Notre Dame House
Good Shepherd Notre Dame House is committed to helping youth who are street-involved or homeless due to family violence, conflict, abuse, neglect, poverty and exposure to mental health and addiction issues. Our goal is to ensure that they have the support they need to overcome obstacles and break down barriers to become active and contributing members of our community.
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Director: Norma Joaquim
Notre Dame House & Community Outreach Services
Good Shepherd Notre Dame House is committed to helping youth who are street-involved or homeless due to family violence, conflict, abuse, neglect, poverty and exposure to mental health and addiction issues. Our goal is to ensure that they have support to overcome obstacles to become active and contributing members of our community.
Notre Dame House is a 24-hour emergency shelter providing 21 beds for youth between 16 and 21 years of age. The program uses a team approach with community collaboration to help youth reach their personal goals using a strength-based and client-centred approach.
Program objectives are achieved through:
- 24-hour a day intake and admissions
- Meeting all basic needs by providing meals and snacks, clothing, laundry and hygiene products, etc.
- Advocacy and case coordination
- Recreational/therapeutic programming
- Access to mental health services and consulting psychiatry
- Access to a general practitioner and/or nurse practitioner
- Addiction/substance use supports (Alternatives for Youth)
- Withdrawal management assessment and monitoring (St. Joseph’s Healthcare)
- After-care services through our Community Resource Centre
Community Outreach Services
The Notre Dame Community Resource Centre is a centre for at-risk youth residing within the community who are between 16 and 21 years of age. Youth have access to a number of support services and programs to assist them in remaining housed; diverting them from homelessness and street involvement.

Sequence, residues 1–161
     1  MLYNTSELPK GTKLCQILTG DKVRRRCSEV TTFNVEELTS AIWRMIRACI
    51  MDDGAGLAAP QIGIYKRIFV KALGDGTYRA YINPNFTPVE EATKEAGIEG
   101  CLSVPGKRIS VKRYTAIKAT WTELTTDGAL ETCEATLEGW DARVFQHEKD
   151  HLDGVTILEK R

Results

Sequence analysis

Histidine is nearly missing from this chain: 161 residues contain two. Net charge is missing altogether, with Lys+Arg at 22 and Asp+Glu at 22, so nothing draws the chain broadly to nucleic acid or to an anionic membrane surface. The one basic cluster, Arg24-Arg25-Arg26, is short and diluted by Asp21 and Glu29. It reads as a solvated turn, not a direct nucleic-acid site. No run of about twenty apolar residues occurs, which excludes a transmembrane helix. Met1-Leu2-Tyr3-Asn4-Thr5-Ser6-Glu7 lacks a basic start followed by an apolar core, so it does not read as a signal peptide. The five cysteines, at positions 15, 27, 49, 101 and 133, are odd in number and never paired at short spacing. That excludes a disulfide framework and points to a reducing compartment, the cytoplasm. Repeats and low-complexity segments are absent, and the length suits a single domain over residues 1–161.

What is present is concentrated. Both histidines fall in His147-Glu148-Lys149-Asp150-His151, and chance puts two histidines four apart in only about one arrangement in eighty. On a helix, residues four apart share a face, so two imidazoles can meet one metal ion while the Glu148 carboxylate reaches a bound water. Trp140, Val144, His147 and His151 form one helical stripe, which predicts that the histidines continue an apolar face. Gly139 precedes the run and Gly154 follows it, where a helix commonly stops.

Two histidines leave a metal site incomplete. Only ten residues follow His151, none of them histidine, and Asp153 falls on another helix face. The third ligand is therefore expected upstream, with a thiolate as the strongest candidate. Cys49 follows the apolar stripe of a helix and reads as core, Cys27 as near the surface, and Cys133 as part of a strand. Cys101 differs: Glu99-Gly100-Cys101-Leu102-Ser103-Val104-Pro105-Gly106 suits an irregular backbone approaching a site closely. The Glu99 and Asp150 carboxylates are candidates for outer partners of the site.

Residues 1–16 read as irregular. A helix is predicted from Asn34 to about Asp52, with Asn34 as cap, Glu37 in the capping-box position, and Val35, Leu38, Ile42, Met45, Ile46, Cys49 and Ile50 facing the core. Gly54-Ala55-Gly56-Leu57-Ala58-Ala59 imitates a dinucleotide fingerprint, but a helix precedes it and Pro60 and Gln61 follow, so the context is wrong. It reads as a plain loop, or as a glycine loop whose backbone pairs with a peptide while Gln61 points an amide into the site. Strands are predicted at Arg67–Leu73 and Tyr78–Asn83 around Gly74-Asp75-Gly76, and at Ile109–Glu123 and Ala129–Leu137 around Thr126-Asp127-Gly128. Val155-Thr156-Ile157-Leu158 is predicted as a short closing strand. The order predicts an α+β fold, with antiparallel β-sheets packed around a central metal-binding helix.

A case coordinator assists the youth in navigating community and internal services based on their identified needs.
Resources available include:
- Help with getting back into school or finding employment
- Assistance obtaining or replacing ID
- Access to housing workers
- Help with applying for or maintaining social assistance
- Hot meal program, seven days a week (lunch and dinner)
- Ontario Works Youth Trustee Program
- Connections to community supports
- Free laundry facilities and clothing/household donations
- Access to all on-site mental health, medical care, addiction/substance use services
- Recreational and life skills programming
- Early diversion and family mediation
- In partnership with the Hamilton Regional Indian Centre, we provide opportunities for youth to engage in cultural activities and to reconnect with their traditional teachings
- Notre Dame House School offers a free studio-based course for youth in transition. In this 12-week course youth learn how to design, print, film, market and sell their work. For more information, contact email@example.com
- In partnership with ART Forms and Recreate, youth explore a full array of creative pursuits, which promote self-discovery, leadership development, and an activated dialogue with the city at large. For more info check out www.Artforms.com
- In partnership with the Young Parent Network and the Youth Housing support team we have a worker designated in the community to support pregnant and parenting teens who access the shelter
Download the Notre Dame House & School brochure
The goal of the Ujima Project is to improve early outcomes for children across the province by supporting the early development needs of under-served, vulnerable children of young parents through Early Childhood Development Hubs across the province. Good Shepherd Youth Services is proud to be one of these Hubs. We offer essential programs and services such as early development, attachment and bonding, early language and literacy, and family/service navigation to young parents and their children. We work collaboratively with other Ujima project partners to support the best outcomes for children and their young parents.
For more information about this program, download the brochure or visit The Ujima Project – The Ontario Association of Young Parent Agencies (oaypa.ca)